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'Honolulu' chronicles cultural, historical evolution through young Korean woman

 

For those who wonder what life was like in Hawaii before it became a vacation paradise, Alan Brennert’s novel “Honolulu” (St. Martin’s Press, 2009) takes readers on a journey through the islands’ colonial days, when inhabitants were challenged by untamed terrain, rough characters and conflicting agendas for making a living. Only the resourceful survived.

In the early 1900s in Korea, Regret, a young girl whose name reflects the culture’s male-dominated society, desires that which is denied to girls: the privilege of learning to read. She acquires the skill through determination. At 17, Regret becomes a “picture bride” for a Korean bachelor residing in Hawaii, joining other brides-to-be on the passage to a new life. On their arrival, the girls’ high expectations turn to disillusionment when they meet their betrothed, who are older, poorer laborers – not at all what they had envisioned. Regret (who now calls herself Jin) marries an embittered plantation worker who turns out to be an abusive alcoholic.

Escaping the oppressive life of a sugar-cane plantation worker, Jin seeks a better life in Honolulu. With no formal education, she relies on her sewing skills, learned from her mother during “thimble time.” Her friends and supporters are drawn from mixed cultures, including Japanese, Chinese, Filipinos, fellow Koreans and native Hawaiians struggling to improve their lives alongside her.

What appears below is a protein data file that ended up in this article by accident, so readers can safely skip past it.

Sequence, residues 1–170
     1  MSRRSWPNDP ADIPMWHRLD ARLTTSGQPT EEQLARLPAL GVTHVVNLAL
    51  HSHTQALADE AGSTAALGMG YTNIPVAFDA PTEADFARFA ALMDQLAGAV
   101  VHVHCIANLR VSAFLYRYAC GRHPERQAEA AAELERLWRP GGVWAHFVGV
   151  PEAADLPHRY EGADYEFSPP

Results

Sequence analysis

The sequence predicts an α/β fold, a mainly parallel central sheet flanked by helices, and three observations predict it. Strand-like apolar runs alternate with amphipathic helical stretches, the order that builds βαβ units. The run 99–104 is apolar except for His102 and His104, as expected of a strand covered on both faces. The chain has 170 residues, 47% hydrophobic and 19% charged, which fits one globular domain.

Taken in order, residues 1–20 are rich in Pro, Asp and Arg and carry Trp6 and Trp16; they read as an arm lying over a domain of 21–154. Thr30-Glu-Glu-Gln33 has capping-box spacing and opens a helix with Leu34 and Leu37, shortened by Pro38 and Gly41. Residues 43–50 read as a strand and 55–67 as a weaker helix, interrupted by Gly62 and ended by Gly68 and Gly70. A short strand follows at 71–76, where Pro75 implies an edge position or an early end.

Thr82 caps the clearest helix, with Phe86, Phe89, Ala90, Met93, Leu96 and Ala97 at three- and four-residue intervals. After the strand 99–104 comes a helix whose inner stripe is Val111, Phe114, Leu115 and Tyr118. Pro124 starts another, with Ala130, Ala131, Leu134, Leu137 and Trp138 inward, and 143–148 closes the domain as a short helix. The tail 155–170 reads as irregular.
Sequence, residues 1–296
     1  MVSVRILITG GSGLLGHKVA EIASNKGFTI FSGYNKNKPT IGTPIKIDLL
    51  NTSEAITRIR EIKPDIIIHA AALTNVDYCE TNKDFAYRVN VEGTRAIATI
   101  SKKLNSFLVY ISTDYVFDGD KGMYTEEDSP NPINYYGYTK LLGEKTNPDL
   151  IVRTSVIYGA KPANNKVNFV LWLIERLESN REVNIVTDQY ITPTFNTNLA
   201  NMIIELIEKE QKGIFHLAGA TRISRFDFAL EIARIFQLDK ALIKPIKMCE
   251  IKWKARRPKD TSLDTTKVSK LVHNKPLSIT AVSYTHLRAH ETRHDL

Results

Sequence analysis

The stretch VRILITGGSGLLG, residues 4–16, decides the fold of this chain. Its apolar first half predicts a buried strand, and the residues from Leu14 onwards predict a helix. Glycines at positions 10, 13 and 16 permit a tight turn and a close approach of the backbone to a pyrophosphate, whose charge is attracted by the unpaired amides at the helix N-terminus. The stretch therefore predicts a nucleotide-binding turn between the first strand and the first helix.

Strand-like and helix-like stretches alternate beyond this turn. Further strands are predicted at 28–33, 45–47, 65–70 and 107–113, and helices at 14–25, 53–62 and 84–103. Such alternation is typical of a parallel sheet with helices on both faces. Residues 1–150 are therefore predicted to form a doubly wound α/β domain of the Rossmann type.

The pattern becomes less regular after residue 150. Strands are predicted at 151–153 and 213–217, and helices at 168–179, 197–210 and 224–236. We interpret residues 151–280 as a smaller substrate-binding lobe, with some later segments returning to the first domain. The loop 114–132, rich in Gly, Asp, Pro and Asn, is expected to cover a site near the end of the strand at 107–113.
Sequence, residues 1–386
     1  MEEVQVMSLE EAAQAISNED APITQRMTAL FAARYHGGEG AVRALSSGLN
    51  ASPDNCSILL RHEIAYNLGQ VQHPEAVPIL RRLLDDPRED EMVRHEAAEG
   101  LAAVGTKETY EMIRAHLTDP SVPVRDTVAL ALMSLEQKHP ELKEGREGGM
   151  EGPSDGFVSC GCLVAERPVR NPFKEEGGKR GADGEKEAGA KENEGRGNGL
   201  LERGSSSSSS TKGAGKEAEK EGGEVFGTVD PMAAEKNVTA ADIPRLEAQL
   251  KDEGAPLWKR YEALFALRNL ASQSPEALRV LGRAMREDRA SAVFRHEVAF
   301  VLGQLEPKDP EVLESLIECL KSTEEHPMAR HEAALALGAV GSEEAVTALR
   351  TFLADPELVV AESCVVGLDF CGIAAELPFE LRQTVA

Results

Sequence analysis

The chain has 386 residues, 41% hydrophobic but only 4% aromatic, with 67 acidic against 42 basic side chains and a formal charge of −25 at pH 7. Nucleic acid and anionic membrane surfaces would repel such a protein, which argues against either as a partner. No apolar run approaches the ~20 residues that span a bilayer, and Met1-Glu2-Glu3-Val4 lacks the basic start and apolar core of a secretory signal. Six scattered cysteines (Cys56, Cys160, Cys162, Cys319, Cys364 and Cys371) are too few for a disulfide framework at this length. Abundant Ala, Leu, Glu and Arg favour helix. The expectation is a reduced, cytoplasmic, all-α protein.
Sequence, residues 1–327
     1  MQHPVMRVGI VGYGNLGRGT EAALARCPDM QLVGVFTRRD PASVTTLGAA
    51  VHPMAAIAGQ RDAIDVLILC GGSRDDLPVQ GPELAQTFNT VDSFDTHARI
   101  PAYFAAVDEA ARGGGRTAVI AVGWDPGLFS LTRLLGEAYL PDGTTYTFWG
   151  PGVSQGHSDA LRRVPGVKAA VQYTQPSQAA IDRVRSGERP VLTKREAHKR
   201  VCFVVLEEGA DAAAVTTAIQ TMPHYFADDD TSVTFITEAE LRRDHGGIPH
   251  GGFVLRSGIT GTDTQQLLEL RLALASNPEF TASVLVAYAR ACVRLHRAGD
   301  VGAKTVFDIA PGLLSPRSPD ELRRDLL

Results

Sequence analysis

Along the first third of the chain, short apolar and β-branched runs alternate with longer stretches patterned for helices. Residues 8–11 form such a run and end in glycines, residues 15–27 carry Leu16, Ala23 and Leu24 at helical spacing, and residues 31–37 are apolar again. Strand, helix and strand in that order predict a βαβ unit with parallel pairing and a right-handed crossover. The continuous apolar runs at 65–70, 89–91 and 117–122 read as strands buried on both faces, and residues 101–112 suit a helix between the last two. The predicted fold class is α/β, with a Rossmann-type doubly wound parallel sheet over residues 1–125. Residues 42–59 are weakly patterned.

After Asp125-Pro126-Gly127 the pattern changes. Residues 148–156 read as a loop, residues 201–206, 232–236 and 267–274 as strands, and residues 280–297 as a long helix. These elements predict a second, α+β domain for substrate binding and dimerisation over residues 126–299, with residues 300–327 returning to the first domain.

Brennert interweaves his fictional account with historical facts and people. One of Jin’s first friends is May Thompson, a prostitute whose bawdy personality became the basis for the character Sadie Thompson, created by author Somerset Maugham. Another trusted friend is Chang Apana, a Honolulu police detective whose claim to fame is his singlehanded arrest of 40 men at one time. The character of Charlie Chan is reputed to be based on the legendary Apana. Readers will encounter Queen Lili’uokalani near the end of her illustrious reign, as well as the Waikiki beach boys, including famed Olympic surfer Duke Kahanamoku.

Along with excellent characterization, Brennert manages to incorporate pertinent historical events affecting Jin, her fellow picture brides and early Hawaiian settlers. The author highlights the Japanese annexation of Korea in 1910 to secure their rice and bread-basket capabilities and the Oriental Exclusion Act of 1924, passed by the U.S. Congress as an attempt to stem Asian immigration. Brennert neglects, however, to address the attack on Pearl Harbor and its effect on the local people, a pivotal event in Honolulu’s history.

Jin’s story spans more than 40 years, a journey measured not in time but in her inspiring struggles to become a person of value.

Los Altos resident Karen Bonke is an avid reader, a member of the Newcomer’s Book Club and founder of a book club for residents of Creekside Oaks.

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